Pay To Play: Seventh Circuit Upholds $30 Booking Fee For All Arrests — Regardless Of Later Acquittal

200px-disneyqueenheartsWoodridge, Illinois, outside of Chicago, has a curious way of meting out justice. You may have a presumption of innocence under the Constitution, but if police arrest you, you still have to pay for the pleasure of the arrest. Starting this year, anyone arrested in a Chicago suburb must pay a $30 booking fee . . . even if they are found innocent.

The village of Woodridge imposes the charge on anyone booked by their small police department. A class action was filed to challenge the booking charge and the United States Court of Appeals for the Seventh Circuit affirmed the dismissal of the case. The challenge was brought by Jerry Markadonatos who was arrested and charged with retail theft on January 8, 2011, and taken to jail. He was charged for the booking but never given hearing at which he could challenge the booking fee. Later, a court ordered that Mr. Markadonatos undergo a period of supervision and Markadonatos successfully completed that period of supervised release. As a result, he received an adjudication of “not guilty” on his record.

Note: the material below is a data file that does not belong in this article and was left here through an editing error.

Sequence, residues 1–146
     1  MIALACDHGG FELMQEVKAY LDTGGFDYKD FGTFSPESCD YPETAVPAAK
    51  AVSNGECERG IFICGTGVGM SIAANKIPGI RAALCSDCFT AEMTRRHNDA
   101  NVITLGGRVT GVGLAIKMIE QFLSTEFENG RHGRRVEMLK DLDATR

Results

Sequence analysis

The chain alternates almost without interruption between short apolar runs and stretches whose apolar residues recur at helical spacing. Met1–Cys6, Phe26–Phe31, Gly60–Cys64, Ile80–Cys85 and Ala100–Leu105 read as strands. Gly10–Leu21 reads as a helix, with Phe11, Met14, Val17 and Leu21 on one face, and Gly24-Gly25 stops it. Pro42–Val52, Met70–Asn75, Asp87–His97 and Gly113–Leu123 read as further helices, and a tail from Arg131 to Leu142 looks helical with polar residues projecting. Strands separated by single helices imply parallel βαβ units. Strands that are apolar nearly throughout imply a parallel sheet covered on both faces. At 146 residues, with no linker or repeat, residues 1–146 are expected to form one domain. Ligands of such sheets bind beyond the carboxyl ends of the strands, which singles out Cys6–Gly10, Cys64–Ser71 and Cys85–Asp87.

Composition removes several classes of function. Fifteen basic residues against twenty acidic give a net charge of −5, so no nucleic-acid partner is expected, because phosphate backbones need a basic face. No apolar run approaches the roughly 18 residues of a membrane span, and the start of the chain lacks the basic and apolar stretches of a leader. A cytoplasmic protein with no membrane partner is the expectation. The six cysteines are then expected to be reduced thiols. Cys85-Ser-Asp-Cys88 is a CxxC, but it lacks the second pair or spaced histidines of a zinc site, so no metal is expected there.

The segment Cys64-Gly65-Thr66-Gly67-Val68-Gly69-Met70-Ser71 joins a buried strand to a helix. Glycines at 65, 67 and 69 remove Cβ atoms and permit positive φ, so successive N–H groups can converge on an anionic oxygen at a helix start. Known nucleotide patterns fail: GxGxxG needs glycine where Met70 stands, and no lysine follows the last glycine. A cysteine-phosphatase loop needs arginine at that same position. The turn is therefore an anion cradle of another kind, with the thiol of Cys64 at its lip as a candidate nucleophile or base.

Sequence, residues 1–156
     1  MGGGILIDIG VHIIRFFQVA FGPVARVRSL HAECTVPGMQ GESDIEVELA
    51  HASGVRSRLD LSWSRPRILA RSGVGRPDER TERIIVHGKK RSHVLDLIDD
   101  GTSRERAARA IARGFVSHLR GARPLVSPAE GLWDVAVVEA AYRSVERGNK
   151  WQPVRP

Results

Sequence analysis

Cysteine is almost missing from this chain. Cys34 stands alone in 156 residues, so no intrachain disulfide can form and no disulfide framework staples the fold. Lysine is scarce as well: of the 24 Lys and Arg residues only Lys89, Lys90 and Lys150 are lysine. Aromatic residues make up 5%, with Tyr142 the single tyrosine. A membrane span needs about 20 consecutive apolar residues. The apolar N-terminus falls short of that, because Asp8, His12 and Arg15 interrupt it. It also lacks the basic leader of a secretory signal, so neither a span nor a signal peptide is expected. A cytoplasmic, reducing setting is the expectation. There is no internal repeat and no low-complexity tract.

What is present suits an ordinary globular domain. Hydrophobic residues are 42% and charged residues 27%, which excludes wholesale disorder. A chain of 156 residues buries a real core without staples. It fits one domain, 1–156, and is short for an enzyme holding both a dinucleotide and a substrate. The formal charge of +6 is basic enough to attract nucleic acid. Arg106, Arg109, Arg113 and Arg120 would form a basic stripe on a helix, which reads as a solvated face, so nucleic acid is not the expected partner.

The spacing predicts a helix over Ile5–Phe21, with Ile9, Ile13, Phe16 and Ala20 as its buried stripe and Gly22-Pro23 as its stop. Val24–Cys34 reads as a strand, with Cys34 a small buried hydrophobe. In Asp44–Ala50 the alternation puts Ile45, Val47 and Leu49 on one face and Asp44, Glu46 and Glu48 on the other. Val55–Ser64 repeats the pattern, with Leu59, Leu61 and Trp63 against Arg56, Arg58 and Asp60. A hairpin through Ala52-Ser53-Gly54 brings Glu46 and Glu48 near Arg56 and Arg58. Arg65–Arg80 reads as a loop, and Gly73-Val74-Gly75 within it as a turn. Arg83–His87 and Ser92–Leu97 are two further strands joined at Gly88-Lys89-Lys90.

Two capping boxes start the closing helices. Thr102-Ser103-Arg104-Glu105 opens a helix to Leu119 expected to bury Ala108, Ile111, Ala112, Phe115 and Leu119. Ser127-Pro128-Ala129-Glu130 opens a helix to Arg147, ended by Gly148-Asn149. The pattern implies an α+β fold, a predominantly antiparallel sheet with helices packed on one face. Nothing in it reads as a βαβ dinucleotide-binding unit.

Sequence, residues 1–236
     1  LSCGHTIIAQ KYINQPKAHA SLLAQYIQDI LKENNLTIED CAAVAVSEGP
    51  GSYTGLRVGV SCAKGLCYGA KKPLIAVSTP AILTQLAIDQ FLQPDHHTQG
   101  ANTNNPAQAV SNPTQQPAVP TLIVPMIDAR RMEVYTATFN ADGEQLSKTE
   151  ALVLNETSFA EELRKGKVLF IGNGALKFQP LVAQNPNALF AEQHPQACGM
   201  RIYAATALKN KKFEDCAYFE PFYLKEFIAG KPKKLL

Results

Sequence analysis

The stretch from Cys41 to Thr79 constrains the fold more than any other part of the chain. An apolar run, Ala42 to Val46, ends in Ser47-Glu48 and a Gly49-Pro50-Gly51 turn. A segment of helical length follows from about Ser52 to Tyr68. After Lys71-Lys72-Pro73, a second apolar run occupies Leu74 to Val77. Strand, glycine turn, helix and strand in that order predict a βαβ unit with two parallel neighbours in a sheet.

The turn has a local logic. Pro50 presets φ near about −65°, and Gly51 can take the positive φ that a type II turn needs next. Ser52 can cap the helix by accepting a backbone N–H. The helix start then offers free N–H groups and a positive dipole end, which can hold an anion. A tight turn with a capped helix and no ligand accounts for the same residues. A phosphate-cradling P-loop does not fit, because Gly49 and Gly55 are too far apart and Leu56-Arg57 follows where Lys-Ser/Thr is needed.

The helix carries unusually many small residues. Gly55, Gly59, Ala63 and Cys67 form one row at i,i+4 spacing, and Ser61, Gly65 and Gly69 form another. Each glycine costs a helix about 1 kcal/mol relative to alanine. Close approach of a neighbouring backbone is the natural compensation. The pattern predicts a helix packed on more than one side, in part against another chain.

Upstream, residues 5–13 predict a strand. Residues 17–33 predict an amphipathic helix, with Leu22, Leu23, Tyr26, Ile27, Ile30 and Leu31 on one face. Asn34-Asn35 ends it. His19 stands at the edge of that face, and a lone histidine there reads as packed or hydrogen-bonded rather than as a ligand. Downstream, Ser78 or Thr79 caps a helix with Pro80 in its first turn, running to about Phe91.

U.S. District Judge J.P. Stadtmueller, sitting by designation, said that there was simply no fundamental right implicated and that the “$30 fee is extremely modest, and of an amount that does not rise to the level of a fundamental right.” Spoken like someone with a guaranteed salary. For many, $30 is not a small amount and then there is the notion that a citizen pays a penalty for an arrest later found to be invalid or unsupported.

Stadtmueller however insisted that, subject to the rational basis test, the charge is rationally related to the desire “to offset the cost of booking arrestees, or at the very least to collect revenue.” That is an interesting rationale since any charge could be defended as just a simple desire to “collect revenue.”